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News / November 27, 2008

Auction Recap: Gavel Gravitas Strikes the Canuck Art Market

Alex Colville French Cross 1988 Courtesy of Heffel Fine Art Auction House

You don’t have to be a dealer to know that now is not a rosy time in the art market. This fall, even mainstream headlines have blazed bad news: London’s October auctions yielded a third less money than predicted, while New York’s auctions earlier this month saw Christie’s reach just half its low presale estimate.

This week, the atmosphere in Toronto remained tense as auctions at the three major Canadian houses gauged the global downturn’s effects on our domestic market.

Heffel’s two auctions on November 19—one of Canadian postwar and contemporary art, and the other of earlier Canadian art—met its low overall estimate of $12 million with a total of $12.6 million. Highlights included Emily Carr’s Alert Bay Burial Ground becoming the third Carr to ever sell over $1 million, and new sales records being set for 12 other works. Jean-Paul Riopelle’s Sans titre (Composition #2) set the highest price for the day with a sale price of $1.6 million. It was hardly all reassuring, however. Alex Colville’s much-vaunted painting French Cross failed to sell, as did 25 percent of all lots.

At Sotheby’s auction on Monday, November 23, the house failed to reach its low overall estimate of $9.5 million, reaching only $8.4 million in total sales. Highlights included the sale of a small Lawren Harris oil sketch, Nerke, Greenland, for $2.07 million. (It was originally slated at just $300,000 to $500,000.) Also on the positive end, an auction record was set for Gershon Iskowitz at $186,000. Still, the overall picture was troubling, with 40 percent of lots going unsold, including a major Frederick Varley work, Green and Gold Portrait of Vera.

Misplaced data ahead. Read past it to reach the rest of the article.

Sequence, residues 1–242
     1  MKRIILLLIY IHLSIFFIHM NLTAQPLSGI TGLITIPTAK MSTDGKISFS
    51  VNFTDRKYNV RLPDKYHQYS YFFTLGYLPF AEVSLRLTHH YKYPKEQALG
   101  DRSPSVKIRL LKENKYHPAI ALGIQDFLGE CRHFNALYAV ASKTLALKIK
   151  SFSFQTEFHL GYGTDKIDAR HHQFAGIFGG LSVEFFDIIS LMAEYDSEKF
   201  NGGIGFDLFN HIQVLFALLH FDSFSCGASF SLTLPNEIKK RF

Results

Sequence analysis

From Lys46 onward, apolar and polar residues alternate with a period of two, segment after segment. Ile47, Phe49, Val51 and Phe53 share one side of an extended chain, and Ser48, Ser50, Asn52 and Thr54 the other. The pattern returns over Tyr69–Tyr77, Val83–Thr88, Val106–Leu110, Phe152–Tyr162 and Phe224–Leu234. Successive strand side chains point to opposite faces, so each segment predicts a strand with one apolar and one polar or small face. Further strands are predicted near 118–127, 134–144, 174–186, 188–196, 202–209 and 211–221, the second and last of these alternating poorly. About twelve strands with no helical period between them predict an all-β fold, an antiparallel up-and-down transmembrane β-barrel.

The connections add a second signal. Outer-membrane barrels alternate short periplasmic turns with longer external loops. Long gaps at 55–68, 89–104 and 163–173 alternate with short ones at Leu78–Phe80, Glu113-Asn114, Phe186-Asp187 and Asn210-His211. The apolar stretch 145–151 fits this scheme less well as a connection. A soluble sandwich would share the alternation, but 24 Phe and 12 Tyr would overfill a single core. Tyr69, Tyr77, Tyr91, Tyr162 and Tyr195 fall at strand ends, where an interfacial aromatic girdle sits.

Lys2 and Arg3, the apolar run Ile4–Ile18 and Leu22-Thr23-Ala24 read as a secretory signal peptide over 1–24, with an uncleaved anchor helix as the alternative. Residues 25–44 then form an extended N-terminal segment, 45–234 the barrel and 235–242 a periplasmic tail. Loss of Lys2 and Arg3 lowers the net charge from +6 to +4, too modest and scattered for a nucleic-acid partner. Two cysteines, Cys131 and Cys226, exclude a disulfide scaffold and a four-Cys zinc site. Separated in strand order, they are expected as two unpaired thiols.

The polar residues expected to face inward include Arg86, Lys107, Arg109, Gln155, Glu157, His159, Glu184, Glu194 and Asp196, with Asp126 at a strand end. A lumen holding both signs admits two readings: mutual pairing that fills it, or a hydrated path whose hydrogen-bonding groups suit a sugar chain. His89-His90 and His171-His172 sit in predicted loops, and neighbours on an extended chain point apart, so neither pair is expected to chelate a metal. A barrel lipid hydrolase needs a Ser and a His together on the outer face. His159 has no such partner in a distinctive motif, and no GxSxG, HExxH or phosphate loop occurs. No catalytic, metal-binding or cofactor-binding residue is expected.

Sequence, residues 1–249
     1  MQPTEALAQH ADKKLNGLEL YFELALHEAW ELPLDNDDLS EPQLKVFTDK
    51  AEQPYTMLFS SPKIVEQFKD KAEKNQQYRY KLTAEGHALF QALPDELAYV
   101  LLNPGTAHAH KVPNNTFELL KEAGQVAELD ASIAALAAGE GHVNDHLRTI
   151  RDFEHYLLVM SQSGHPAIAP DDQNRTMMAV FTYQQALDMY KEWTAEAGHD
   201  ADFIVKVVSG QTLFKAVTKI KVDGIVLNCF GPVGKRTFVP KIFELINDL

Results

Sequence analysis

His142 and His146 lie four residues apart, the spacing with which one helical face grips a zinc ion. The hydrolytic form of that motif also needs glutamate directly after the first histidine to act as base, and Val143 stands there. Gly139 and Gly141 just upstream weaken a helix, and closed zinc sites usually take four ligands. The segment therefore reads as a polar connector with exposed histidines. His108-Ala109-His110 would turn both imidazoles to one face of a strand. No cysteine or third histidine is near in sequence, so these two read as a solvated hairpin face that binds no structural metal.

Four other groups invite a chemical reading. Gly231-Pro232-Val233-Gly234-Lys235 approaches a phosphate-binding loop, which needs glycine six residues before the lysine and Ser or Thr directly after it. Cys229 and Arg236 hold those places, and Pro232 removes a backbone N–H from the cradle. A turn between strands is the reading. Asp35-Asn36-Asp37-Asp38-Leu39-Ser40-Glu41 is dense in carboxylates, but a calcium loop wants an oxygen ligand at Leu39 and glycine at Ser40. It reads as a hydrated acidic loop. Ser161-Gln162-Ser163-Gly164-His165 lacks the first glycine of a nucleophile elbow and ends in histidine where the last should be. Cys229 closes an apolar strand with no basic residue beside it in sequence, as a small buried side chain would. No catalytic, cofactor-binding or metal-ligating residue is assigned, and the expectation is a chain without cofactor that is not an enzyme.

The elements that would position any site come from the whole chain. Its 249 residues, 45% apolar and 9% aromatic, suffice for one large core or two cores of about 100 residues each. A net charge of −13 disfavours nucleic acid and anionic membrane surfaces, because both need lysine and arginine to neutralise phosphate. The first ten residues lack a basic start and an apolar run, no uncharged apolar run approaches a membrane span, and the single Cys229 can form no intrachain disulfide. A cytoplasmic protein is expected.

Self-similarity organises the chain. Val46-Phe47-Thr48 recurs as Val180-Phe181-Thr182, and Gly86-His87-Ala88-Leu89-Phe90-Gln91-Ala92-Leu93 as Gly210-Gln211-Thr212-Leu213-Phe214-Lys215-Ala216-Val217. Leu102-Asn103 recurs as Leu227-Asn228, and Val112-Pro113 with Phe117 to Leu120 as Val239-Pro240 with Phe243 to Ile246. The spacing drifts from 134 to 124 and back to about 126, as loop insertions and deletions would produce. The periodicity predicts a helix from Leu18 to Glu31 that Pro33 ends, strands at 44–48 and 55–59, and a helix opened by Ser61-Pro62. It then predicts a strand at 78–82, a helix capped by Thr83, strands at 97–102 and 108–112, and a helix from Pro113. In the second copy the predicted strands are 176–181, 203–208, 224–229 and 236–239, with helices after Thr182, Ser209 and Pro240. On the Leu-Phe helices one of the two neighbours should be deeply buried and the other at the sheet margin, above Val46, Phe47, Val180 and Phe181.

Joyner Waddington’s auctions on Tuesday, November 24, and Wednesday, November 25, reflected the previous two auction results. The house just made its low overall sales estimate of $2 million, with total sales in the range of $2 to $2.5 million at press time. Highlights included William Kurlek’s Balsam Avenue After Heavy Snowfall selling for $241,000, which landed above its high estimate of $200,000. Further, a small Jean-Paul Lemieux painting and a large David Blackwood drawing sold for two to three times their high estimates. Still, 35 percent of lots went unsold, among them works by Tom Thomson, Emily Carr and A.Y. Jackson.

Considering the results of all three auction houses, Joyner Waddington’s vice-president Rob Cowley said, “The trend we’ve seen all week in all corners of the market—historic Quebec art, contemporary Canadian art, the Group of Seven and more—is that some works have sold very well, while others have failed to reach the reserve.”

Cowley thinks this shows that “the market is being very selective,” with his regrouping strategy for the spring auctions to be “cautiously conservative, even more so than usual.”

The domestic market will be tested one more time this fall as Bonhams conducts its Canadian fine art auction December 2 in Toronto. Among the potential highlights of the Bonhams auction are an A.Y. Jackson painting, a pair of Norval Morrisseau paintings and some newly rediscovered Krieghoff paintings.

But as the past week has showed, only time—and the gavel—will tell.